Infant Gut Microbiome: A Longitudinal Analysis of Relationships With Feeding Practices, and Behavioural Development in Early Life

  • Emma-Louise Alving-Jessep

Student thesis: Doctoral ThesisDoctor of Philosophy


Background: Previous research has established that there is an association between the composition and diversity of the gut microbiota (GM) and human behaviour. Current literature also highlights the links between dietary intake and behaviour. However, to date there is a paucity of literature investigating the complex relationship between all three aspects across early development.

Aims: This thesis aimed to i) investigate changes in diversity and composition of the GM during GM maturation, ii) examine how this is related to temperament and behavioural development throughout early childhood, and iii) explore how this relationship can be influenced by diet.

Methods: A systematic review was conducted investigating the influence of GM upon temperament during early childhood. Secondly, 324 participants recruited to the microbiota sub-cohort of the Barwon Infant Study (BIS), which focused on the role of specific environmental factors in early life development, provided faecal samples analysed using 16S rRNA illumine MiSeq to extract Amplicon Sequence Variant (ASV), and dietary information at 1-, 6-, and 12-months, and child behaviour was measured at 4-years.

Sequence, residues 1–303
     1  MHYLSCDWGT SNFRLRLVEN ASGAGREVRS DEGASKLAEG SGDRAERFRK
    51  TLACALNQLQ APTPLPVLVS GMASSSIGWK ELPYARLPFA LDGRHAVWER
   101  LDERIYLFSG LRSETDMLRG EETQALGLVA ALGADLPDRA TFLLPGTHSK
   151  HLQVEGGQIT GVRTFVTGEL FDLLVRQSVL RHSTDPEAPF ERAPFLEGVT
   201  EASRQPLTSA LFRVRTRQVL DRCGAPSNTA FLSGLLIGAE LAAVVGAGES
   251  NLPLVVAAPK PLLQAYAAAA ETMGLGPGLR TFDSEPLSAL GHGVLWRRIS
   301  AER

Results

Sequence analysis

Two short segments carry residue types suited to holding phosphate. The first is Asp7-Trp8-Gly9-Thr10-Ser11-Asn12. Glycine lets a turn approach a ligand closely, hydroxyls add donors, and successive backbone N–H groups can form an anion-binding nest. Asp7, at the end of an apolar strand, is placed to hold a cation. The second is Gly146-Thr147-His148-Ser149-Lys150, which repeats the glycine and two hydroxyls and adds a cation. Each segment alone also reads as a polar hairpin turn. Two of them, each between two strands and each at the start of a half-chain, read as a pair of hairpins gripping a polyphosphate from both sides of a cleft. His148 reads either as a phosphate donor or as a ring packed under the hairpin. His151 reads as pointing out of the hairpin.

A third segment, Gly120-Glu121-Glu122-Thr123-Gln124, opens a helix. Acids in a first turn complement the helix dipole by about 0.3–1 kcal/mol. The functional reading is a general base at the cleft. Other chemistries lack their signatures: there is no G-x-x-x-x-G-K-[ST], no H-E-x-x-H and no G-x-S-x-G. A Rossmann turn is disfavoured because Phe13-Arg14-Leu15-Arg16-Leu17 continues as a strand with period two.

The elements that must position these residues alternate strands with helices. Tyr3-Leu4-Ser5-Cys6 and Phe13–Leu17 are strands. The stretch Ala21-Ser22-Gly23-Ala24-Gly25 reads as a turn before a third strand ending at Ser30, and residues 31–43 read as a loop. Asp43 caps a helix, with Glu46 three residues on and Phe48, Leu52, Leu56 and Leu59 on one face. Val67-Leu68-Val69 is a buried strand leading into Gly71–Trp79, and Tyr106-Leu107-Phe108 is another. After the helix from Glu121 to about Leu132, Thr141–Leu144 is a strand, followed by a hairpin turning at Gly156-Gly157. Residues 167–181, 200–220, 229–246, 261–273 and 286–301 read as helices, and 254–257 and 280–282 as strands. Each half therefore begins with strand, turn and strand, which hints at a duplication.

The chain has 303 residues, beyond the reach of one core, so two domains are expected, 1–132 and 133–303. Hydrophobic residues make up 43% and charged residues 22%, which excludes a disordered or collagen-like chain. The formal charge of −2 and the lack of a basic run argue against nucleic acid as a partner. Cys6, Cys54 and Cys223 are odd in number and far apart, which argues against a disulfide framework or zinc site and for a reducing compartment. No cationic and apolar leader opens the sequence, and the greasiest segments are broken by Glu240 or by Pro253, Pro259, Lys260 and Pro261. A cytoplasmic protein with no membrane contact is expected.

Results: It was established that temperament during early childhood and behaviour measured at 4-years is significantly associated with GM composition and diversity. Furthermore, diet characterised by exclusivity of breastfeeding at 1-month of age, and by solid foods introduced at 6- and 12-months, was a significant moderator of the relationship between GM and behaviour measured at 4-years.

Discussion: This thesis has established a relationship between GM, temperament, and behaviour during early childhood. Furthermore, diet is established as a significant modifying factor of the relationship between GM and behaviour. Future research would benefit from using whole genome sequencing to investigate functional and taxonomic composition, addressing the issue of sample sizes, and improved study design by using concurrent GM, diet, and behavioural measures.
Date of AwardDec 2022
Original languageEnglish
SupervisorJackie Blissett (Supervisor), Anthony Hilton (Supervisor) & Amanda Wood (Supervisor)


  • Child
  • Infant
  • Gut microbiota
  • Development
  • Temperament
  • Behaviour
  • Gut-brain axis
  • Diet
  • Solid Food Introduction
  • Breastfeeding

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